Flooded river taking aim at Mississippi Delta
Crews worked to shore up levees along the swelling Mississippi River on Wednesday as floodwaters threatened to swamp even more of the fertile Mississippi Delta.
The crest rolled south after hitting the high mark Tuesday in Memphis, Tenn., just short of the record set in 1937. Some low-lying neighbourhoods were inundated, but high levees protected much of the rest of the city. Landmarks such as Graceland stayed dry.
In Rena Lara, Miss., an unincorporated town of about 500 where dump trucks have been hauling gravel from dawn to dusk to shore up the levee, people were uneasy Wednesday.
They have no local newspaper or TV stations, so they have been relying on social networking sites and word of mouth for information. Public officials are trying to assure them that they expect the levee to hold and will give them plenty of notice if they need to leave.
"It's getting scary," said Rena Harris, 43, a homemaker who lives in the shadow of the levee. "They won't let you go up there to look at the water."
Downstream in Louisiana, inmates filled sandbags to protect property in Cajun swamp communities that could be flooded if engineers open a spillway to protect the more densely populated Baton Rouge area. Fear was high among residents there.
And in Vicksburg, Miss., the site of a pivotal Civil War battle, William Jefferson was already paddling slowly down his street in a small boat, past his house and around his church.
"Half my life is still in there," he said, pointing to the small white house swamped by several feet of water. "I hate to see it when I go back in."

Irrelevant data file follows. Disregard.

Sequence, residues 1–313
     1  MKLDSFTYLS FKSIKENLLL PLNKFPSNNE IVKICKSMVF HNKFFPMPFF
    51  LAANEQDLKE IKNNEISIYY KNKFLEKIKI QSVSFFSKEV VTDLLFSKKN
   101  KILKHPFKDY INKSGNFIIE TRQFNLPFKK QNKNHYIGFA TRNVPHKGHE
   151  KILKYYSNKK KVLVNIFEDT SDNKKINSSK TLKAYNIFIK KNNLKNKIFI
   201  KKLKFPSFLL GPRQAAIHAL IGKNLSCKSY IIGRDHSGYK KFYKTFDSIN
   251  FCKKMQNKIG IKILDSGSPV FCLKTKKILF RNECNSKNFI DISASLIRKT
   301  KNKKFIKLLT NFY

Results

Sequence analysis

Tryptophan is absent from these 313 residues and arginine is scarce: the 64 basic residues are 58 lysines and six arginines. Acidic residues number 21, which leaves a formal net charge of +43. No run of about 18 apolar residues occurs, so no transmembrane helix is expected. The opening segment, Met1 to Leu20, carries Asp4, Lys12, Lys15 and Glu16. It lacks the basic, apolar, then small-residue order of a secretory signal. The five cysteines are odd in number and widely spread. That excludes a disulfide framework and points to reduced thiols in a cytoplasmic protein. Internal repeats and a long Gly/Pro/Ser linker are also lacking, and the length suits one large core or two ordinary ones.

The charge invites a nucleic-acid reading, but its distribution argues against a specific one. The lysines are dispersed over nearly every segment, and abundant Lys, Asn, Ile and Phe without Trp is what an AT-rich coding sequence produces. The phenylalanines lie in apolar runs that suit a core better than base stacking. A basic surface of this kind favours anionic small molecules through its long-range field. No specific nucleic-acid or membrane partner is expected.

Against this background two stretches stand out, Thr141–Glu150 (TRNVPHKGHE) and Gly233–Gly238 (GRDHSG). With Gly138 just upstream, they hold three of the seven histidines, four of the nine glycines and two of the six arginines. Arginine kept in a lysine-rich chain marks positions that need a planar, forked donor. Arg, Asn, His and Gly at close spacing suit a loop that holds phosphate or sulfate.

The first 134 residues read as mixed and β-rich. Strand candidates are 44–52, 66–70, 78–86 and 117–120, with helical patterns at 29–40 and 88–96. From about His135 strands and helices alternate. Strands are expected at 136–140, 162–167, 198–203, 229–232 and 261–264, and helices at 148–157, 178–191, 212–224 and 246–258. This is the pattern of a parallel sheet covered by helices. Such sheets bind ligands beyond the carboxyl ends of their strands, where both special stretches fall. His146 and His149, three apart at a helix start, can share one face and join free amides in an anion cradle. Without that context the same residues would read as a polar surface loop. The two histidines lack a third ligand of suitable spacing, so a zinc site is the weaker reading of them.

Jefferson refuses to leave his hard-hit neighbourhood, so he spends his days in the sweltering sun watching the water rise and sleeping in a camper at an intersection that's likely to flood soon, too.
"If you don't stay with your stuff, you won't have it," he said. "This is what I do every day. Just watch the water."
Over the past week or so in the Delta, floodwaters along the rain-swollen river and its backed-up tributaries have already washed away crops, forced many to seek higher ground and closed some of the dockside casinos that are vital to the state's economy.
The state gambling industry is taking a hit: All 19 casinos along the river will be shut down by the end of the week, costing governments $12 million US to $13 million in taxes per month, authorities said. That will put some 13,000 employees temporarily out of work.
But the worst is yet to come, with the crest expected over the next few days. The damage in Memphis was estimated at more than $320 million as the serious flooding began, and an official tally won't be available until the waters recede.
To the south, there were no early figures on the devastation, but with hundreds of homes already damaged, "we're going to have a lot more when the water gets to where it's never been before," said Greg Flynn, a spokesman for the Mississippi emergency management agency.
Across the region, federal officials anxiously checked and reinforced the levees, some of which could be put to their biggest test ever.
In northwestern Mississippi, crews have been using dirt and sand to make a levee higher at the Bolivar-Coahoma county line in the north Delta, said Charlie Tindall, attorney for the Mississippi Levee Board.
Just north of Vicksburg, contractors lined one side of what is known as a backwater levee with big sheets of plastic to keep it from eroding if floodwaters flow over it as feared — something that has never happened since the levee was built in the 1970s.
Jimmy Mitchell, 46, and his wife and two children have been living in a loaned camper for more than week at a civic arena in Tunica.
"There's no sewage hookup. You go in a barn to take a shower," said Mitchell, who is from the small community of Cutoff. "We have no time frame on how long we can stay."
Widespread flooding was expected along the Yazoo River, a tributary that is backed up because of the bloated Mississippi. Rolling Fork, home of the bluesman Muddy Waters, was also in danger of getting inundated.
Farmers built homemade levees to protect their corn, cotton, wheat and soybean crops, but many believed the crops would be lost entirely.